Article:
Blancmange (Box Set)
The Blanc Tapes
In 1981 I bought a sampler album called Some Bizzare Album. There were a lot of incredible bands on the album, The The, Soft Cell and Depeche Mode. But there was one song by a new band named Blancmange (and I loved that name) called “Sad Day” that I listened to repeatedly. I can’t put into words why, but it was clearly the highlight of the album and I wanted to hear more from this band. I would have to wait another year for their debut album, Happy Families, but “Sad Day” has stayed with me for 36 years.
That version of the song is on the new box set, The Blanc Tapes, a fantastic collection of Blancmange. In fact everything Blancmange recorded for London records from 1981 to 1985 is found on this new box set. But there is more, so much more — concerts, BBC sessions, and unreleased demos and songs. Nine CDs of some of the best music recorded in the first half of the 1980s.
Blancmange were Neil Arthur and Stephen Luscombe, and they formed in 1979 with a third member, Laurence Stevens. Stevens left a year later, and in 1980, Blancmange released their debut EP, Irene and Mavis (an incredibly rare EP, limited to 500 copies). Oddly this EP is not found in this box set, which is a shame, as it is quite good and fans would appreciate an opportunity to hear those songs.
Blancmange signed to London Records in 1981 following the release of Some Bizzare Album, and their debut single “God’s Kitchen” was issued, foreshadowing the brilliant album Happy Families. Happy Families and all the singles/remixes and outtakes are found on CDs one to three. This album was a stunning debut album, and although they used synthesizers and were part of that electronic explosion of the early 1980s, Blancmange stood out. Name one other album released that year that featured sitar and tabla (“Living On The Ceiling”). It was full of incredible songs full of catchy melodies and some of the saddest lyrics. Not depressing, but sad. And it included a new version of “Sad Day”, the song that introduced me to the band. The cover of the album, the cat family picnic, was just the icing on the cake. Everything mattered with this album, the sleeve, the music, the lyrics. One song included here, left off the album, “I Would”, would have fit perfectly on the album, and it is a shame it has taken this long to hear. Fantastic song!
Two years later and the band returned with a new single “That’s Love, That It Is”. A brilliant slice of synthpop, but again with twists and turns in the melody and Neil Arthur’s voice full of conviction. An angry love song! After a two year wait, fans (me included) were ready for new Blancmange. Mange Tout, released in 1983, proved to be their most successful album and their first to feature a cover (ABBA’s “The Day Before You Came”, which Blancmange made their own). This album was not a copy of their first, but more of a continuation of this ever growing band. Here, CDs four to seven feature the complete album, B-sides, remixes, BBC sessions, outtakes and a live performance. Three CDs of pure genius.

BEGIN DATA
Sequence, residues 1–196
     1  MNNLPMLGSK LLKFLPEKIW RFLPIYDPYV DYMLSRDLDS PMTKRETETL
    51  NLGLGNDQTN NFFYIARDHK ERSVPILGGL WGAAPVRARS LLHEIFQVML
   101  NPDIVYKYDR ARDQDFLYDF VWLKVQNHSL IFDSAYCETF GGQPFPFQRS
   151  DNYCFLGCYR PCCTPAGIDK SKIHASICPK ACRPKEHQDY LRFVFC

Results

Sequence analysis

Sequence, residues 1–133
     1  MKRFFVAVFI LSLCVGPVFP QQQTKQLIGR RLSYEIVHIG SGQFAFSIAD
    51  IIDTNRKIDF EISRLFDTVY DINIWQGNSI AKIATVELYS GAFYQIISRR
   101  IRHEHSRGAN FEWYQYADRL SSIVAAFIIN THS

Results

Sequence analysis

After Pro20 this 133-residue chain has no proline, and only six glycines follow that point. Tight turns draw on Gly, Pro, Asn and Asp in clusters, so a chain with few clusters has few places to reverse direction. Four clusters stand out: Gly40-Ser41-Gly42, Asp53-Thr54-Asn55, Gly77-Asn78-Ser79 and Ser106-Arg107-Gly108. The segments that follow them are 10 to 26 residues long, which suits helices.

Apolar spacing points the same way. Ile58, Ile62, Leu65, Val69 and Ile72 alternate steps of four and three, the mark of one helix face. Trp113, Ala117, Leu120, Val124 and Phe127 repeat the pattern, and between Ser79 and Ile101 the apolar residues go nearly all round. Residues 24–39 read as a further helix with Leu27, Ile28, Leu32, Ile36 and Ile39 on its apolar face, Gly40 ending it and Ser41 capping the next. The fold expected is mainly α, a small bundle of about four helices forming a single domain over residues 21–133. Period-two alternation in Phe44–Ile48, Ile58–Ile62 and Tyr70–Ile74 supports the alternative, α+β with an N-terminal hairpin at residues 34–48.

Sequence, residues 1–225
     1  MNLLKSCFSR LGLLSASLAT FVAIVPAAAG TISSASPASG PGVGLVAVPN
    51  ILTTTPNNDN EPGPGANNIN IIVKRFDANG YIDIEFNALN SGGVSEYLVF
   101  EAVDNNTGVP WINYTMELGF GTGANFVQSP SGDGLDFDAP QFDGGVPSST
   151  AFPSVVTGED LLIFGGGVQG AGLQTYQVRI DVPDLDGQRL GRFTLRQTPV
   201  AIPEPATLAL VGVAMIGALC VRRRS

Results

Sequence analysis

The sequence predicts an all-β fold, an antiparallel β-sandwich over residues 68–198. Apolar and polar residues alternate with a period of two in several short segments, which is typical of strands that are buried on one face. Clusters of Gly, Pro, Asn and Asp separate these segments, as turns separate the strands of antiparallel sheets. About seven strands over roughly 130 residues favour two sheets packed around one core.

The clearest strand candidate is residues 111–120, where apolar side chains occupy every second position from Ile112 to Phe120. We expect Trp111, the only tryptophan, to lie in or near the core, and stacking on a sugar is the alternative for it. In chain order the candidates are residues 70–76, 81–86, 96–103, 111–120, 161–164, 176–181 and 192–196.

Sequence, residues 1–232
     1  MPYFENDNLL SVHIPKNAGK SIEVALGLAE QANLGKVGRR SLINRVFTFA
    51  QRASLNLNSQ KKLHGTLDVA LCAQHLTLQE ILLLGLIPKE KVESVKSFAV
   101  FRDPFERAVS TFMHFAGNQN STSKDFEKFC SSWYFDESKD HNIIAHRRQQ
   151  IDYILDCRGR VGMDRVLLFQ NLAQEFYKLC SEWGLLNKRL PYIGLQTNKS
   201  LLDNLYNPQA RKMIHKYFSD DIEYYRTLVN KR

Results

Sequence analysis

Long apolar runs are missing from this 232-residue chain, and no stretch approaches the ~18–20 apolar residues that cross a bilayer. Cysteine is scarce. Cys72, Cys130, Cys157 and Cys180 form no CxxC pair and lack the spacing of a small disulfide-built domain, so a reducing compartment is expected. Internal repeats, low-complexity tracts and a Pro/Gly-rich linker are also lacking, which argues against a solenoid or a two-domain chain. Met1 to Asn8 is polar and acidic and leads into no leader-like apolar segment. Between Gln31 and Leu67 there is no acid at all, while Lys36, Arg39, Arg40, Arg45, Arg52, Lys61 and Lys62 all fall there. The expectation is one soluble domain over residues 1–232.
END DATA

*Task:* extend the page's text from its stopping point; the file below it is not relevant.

Waiting their customary two years, Blancmange resurfaced in 1985 with a single “What’s Your Problem”, a song that has stood the test of time and was an interesting choice for a single to represent a new album. They were always challenging the fans, and I loved it. Believe You Me was released, and sadly would prove to be the last Blancmange album of the 1980s (they returned in 2011 with the brilliant Blanc Burn, and Neil Arthur continues to issue music under the Blancmange name). Believe You Me is my favourite Blancmange album and to my ears a perfect album. “Lose Your Love”, “Paradise Is”, “Why Don’t They Leave Things Alone” are just three reasons why I love this album. Arthur’s lyrics are brilliant, poignant and incredibly heartfelt. Luscombe’s music, a mix of melancholy and pain is beyond words. Here, this album fills up the last three CDs. Again fans are treated to the whole album, B-sides, remixes, unreleased gems and a live concert.
Blancmange proved that a band could be experimental and still produce brilliant pop music. The Blanc Tapes is a testament to a time (the early 1980s) but more importantly it charts the first chapter of this incredible band’s career. Arthur would release a solo album (the brilliant Suitcase in 1994) and resurrect Blancmange in 2011 as well as forming the incredible band Fader with Benge. Luscombe would go on to form West India Company (which Arthur was part of as well) and move into more production work (he was also part of the resurrection of Blancmange in 2011 but due to health reasons did not continue on with the band).
Neil Arthur and Stephen Luscombe were two of the most creative and innovative artists of 1980s. Their influence was felt throughout the last three decades and yet they never got the recognition they deserved. This box set should set that right. Their first three albums have been reissued before, with bonus material, but this set is everything. Each of the albums are available individually (with all their respective bonus material).
The Blanc Tapes is an example of a well thought out compilation. It is also an artistic statement. Blancmange were the innovators and continue to be so (just listen to the music Neil Arthur is issuing today). This set proves that they were and are one of the most important bands in the last 30 years.
This is a brilliant reissue and the packaging is stunning. From the box sleeve to the notes to all the information about the songs. Perfect!
SPILL ALBUM REVIEW: BLANCMANGE – THE BLANC TAPES (BOX SET)